The Black Keys At Molson Canadian Amphitheatre in Toronto on Thursday
"Will you write that all the girls are up dancing," asks one of the young ones, grooving a bit herself, after learning that I was covering the show. "Absolutely," I reply. Because I already knew that was exactly what I would be writing about - the girls, on their feet, at a blues show.
Onstage, the Black Keys, two unassuming yet fierce white boys from Akron, Ohio, were deep into something spooky and staggering: Howlin' For You, with the crowd singing along to the rising "da-da-da-da-da" call and then quickly the falling "da-da-da-da-da" response, had a thudding, shuddering primal beat - reminiscent of Gary Glitter's hockey-arena anthem Rock and Roll Part 2 - and an earthy, hypnotic, electric psychedelic-blues vibe. "Mockingbird, can't you see," guitarist Dan Auerbach sang mannishly, "little girl's got a hold on me like glue - baby, I'm howlin' for you."
In the kingdom of moles, a mole is king. And in a world of bluesy garage-rock, which is small, there's a new daddy. It's the Black Keys, who, after a decade of working at it, have graduated from the clubs to the big summer sheds. The Molson Canadian Amphitheatre was full of a young, hungry audience; somewhere the late Howlin' Wolf, the Chicago blues hero, was smiling.
"Our record resonates with 50-year-olds, 30-year-olds, 15-year-olds," drummer Patrick Carney recently told Mojo magazine. "There's very few heartfelt records, and the records that are, they resonate more." The album he was referring to is Brothers, a breakthrough recording that earned the stomp-swamp-and-swagger duo three Grammy Awards.
The crowd roared most at the familiar material of that album. Performing with the occasional help of a bass player and an organist, the Black Keys didn't offer much in the way of bells or whistles, though Auerbach did himself whistle the whistle intro to the sexy soul-rock of Tighten Up.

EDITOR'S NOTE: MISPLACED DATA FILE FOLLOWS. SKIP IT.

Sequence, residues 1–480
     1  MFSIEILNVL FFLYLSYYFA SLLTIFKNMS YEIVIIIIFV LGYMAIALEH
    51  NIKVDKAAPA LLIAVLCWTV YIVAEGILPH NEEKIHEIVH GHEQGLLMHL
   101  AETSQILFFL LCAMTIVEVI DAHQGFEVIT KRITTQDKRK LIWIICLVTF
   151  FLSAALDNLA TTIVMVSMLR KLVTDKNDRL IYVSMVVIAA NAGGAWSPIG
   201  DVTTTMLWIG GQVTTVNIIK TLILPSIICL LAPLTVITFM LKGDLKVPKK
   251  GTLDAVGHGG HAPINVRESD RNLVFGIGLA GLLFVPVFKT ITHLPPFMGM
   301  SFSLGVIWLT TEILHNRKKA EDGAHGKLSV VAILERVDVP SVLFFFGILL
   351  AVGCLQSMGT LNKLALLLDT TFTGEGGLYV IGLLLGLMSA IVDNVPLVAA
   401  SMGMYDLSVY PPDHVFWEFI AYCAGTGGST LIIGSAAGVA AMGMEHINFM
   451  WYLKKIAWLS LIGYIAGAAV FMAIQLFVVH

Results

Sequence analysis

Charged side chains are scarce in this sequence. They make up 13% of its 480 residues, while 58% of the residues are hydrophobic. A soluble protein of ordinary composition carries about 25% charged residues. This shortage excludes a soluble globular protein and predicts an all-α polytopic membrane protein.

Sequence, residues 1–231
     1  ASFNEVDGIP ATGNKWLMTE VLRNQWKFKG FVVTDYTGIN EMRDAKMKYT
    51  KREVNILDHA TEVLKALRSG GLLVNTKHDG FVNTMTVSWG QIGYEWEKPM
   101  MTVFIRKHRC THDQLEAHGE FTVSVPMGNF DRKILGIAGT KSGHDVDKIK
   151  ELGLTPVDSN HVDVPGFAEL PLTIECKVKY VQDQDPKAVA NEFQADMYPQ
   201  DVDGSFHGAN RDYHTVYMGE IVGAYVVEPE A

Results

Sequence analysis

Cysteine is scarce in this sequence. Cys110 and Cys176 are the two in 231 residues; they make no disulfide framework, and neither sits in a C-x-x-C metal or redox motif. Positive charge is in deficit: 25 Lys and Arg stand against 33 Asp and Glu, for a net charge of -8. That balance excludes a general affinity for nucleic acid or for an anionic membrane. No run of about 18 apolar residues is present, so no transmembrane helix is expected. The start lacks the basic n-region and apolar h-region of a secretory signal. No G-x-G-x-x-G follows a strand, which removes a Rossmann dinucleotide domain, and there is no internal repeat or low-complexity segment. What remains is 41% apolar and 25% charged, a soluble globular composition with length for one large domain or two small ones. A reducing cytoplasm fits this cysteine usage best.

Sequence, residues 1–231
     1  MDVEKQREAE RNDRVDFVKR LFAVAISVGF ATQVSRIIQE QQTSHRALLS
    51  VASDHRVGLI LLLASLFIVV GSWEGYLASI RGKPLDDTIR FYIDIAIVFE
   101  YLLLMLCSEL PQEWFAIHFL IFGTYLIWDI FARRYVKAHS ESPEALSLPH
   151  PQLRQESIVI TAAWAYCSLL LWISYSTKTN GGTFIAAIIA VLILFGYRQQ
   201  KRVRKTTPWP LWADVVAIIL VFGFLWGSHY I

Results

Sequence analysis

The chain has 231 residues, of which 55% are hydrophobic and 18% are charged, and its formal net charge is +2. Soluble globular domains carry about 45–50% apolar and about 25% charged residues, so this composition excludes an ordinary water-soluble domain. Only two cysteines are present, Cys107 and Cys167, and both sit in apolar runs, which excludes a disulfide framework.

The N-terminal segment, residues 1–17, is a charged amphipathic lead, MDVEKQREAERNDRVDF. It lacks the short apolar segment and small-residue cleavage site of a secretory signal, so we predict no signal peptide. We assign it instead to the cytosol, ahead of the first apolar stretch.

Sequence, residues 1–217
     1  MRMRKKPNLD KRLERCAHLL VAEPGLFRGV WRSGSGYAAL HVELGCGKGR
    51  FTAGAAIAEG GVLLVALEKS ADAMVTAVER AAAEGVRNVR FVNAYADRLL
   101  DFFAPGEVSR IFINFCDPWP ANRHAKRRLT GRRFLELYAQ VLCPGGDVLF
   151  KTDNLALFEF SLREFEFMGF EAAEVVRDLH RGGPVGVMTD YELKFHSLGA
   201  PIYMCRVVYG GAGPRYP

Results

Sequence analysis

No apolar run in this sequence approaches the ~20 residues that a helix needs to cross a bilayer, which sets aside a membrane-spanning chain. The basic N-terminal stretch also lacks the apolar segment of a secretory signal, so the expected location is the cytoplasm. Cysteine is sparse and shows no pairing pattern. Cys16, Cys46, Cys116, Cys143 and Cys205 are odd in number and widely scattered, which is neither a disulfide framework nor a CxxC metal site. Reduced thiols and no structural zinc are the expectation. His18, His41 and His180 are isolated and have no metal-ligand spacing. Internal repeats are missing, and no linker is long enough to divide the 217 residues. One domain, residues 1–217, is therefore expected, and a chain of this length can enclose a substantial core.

The amphitheatre stage had a couple of screens, some white Christmas lights overhead and a bunch of giant lights at the back. An industrial-size disco ball twirled during Everlasting Light, and the Keys offered up some lighter fare in the form of Act Nice and Gentle - a Kinks cover from the duo's 2004 album Rubber Factory that served as an appreciation for the genial style of Mississippi John Hurt.
The Black Keys roll and tumble to a cocksure brand of psychedelic garage-blues that owes sound debts to the Memphis Stax label and the hill-country juke joints just to the south. The pasty boys are the sons of Junior Kimbrough and R. L. Burnside, with electric Rust Belt crud added in, for gritty effect.
The North Mississippi AllStars never made it over the hump, and the White Stripes have retired, leaving the Keys as the hip crowd's favourite blues descendents. Young women, a faction that doesn't show up for B.B. King and doesn't make it out to the Silver Dollar Room, were out in force on Thursday night. They seemed to get it, more so than the boys. It's just as Howlin' Wolf knew it to be: "What the men don't know, the little girls understand."
The Black Keys play Ottawa Blues, Friday; Quebec City Summer Festival, Sunday; Montreal, July 11; London, Ont., July 12.
The set list
Girl Is On My Mind
Stack Shot Billy
Act Nice and Gentle
Chop and Change
Howlin' for You
She's Long Gone
Ten Cent Pistol
I'll Be Your Man
I Got Mine
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